Every Basis support agreement 1st Basis issues includes Monitoring with our automated solution. Our system uses a .Netconnector and SAProuter(both standard methods for connecting to SAP). If a Sensory Nodeis required inside our customer’s network, it connects with our NOC Admin Node over a single TLS tunnel.

It took 3 years to build our monitoring solution after some dead ends (Nagios). Over the years we have learned what works and what doesn’t when it comes to best-practices. The main lesson was that simplicity has its own utility and reduces overhead and TCO.

Here is a smattering of the other lessons we’ve learned along the way:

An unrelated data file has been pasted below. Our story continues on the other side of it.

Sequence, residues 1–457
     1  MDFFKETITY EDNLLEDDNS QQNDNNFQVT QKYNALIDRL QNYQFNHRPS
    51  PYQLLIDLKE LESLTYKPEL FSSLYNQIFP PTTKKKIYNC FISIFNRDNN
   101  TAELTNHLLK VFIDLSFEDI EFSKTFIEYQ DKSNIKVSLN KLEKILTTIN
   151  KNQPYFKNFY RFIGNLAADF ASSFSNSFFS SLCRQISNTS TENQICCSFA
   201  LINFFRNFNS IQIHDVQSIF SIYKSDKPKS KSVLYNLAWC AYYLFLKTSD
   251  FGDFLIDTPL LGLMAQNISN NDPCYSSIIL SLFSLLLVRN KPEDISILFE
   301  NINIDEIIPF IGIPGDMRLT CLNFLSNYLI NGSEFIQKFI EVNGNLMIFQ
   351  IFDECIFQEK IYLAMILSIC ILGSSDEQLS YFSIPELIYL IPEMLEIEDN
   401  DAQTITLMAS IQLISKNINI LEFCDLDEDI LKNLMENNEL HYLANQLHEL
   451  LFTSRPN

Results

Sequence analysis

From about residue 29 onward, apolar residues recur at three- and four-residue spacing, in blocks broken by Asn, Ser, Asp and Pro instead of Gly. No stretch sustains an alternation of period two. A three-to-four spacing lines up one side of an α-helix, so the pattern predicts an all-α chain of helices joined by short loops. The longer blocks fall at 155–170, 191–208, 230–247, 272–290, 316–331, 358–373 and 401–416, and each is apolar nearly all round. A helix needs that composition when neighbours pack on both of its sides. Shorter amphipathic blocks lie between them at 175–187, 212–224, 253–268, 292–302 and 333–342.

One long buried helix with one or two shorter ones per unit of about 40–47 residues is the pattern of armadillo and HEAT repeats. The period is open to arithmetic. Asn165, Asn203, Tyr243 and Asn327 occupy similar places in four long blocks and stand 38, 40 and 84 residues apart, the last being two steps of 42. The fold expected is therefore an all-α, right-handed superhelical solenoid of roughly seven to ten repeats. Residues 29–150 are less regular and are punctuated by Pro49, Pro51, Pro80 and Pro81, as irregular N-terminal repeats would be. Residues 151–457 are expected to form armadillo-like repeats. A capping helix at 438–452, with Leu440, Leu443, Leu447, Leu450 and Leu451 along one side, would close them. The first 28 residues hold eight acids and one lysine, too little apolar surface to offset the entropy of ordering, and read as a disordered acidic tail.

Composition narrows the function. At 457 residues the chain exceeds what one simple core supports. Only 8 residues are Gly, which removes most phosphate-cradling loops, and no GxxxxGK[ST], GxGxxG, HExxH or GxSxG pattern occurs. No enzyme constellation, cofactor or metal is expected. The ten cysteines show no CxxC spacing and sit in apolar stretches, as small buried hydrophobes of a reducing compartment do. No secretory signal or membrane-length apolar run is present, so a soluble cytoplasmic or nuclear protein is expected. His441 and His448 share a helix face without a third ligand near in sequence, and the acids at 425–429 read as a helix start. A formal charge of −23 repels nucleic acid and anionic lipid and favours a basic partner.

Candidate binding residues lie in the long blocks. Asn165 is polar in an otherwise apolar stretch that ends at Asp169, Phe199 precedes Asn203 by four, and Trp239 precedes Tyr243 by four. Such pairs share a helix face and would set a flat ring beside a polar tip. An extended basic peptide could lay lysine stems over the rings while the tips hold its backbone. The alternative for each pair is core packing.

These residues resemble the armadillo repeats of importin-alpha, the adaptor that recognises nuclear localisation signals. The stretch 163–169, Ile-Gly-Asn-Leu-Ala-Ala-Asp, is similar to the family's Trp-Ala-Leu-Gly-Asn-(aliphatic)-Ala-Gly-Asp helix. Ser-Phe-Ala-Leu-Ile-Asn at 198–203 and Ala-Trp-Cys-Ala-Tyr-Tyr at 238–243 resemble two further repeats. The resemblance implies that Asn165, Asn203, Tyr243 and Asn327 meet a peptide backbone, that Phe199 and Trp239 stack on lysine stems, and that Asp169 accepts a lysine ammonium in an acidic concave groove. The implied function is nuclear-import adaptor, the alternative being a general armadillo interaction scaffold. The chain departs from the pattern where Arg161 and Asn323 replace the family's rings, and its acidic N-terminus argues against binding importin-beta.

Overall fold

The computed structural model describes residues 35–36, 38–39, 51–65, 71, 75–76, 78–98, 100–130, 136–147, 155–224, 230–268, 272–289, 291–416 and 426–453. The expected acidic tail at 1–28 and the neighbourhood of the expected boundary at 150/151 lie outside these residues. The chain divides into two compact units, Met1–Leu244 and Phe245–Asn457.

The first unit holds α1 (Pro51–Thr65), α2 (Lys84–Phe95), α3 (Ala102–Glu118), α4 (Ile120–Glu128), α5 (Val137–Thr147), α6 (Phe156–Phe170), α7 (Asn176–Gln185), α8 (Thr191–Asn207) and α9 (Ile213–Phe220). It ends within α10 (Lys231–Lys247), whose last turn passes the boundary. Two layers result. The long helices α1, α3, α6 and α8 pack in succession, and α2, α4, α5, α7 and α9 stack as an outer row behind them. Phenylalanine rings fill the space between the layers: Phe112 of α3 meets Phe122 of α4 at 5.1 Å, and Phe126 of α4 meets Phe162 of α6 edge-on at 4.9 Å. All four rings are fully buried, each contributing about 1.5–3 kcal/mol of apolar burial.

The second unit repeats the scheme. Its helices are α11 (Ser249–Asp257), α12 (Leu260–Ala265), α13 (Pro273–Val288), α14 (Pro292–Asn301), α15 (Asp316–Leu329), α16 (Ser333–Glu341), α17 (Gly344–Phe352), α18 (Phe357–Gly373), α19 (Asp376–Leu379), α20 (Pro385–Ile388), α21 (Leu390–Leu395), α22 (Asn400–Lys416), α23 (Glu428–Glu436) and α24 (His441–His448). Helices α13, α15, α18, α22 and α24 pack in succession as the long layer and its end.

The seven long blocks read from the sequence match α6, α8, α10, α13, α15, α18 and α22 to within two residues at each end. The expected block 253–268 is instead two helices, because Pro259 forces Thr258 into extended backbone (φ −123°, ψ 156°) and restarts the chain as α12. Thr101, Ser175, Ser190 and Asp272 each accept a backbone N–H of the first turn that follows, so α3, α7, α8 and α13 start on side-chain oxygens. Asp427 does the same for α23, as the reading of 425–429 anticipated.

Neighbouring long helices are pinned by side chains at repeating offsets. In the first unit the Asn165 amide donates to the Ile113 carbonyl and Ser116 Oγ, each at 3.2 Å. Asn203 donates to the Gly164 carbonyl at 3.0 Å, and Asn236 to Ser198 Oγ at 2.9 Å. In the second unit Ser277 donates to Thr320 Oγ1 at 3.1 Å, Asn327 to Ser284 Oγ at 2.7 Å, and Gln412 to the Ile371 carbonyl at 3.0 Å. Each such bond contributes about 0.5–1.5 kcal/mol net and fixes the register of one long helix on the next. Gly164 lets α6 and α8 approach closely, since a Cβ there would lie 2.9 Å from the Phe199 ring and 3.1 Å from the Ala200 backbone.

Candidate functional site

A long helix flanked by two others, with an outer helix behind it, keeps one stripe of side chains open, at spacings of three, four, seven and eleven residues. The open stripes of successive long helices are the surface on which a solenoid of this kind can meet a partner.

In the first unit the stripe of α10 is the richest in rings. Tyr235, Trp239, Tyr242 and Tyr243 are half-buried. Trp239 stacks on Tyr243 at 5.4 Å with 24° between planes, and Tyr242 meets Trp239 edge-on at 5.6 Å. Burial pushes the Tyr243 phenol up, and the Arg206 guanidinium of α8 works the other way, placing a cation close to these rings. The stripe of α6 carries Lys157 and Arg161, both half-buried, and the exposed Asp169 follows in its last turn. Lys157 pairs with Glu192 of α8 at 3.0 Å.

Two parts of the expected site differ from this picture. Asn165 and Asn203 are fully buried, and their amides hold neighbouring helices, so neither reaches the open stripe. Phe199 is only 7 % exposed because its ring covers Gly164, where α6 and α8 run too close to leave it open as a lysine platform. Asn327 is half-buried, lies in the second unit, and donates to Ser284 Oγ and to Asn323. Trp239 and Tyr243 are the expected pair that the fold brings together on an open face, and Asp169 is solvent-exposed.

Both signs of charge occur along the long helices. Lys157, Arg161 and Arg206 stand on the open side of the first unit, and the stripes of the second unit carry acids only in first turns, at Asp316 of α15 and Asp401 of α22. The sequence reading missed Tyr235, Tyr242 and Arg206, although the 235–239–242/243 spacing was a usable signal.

• Standard SAP Connections are best
    • .Net and JCo connectors
    • SAProuter
    • RFCs are OK, but add overhead
  • Avoid systems that rely on agents
    • Often a point of failure
    • They add overhead to update and maintain
    • They are difficult to get approval for
    • Overly complicate the architecture
  • Alerts are not the goal
    • Too many alerts obscure actionable items
    • Too much REDteaches
      responders that “critical” is normal
    • Systems with Parent/Child validation reduce alert

For companies that do not want to hire an MSP or Basis group to do their monitoring, there are a number of solutions available. These are some of the solutions we have investigated as possible replacements for our system. Buying off the shelf is a better solution than DIY.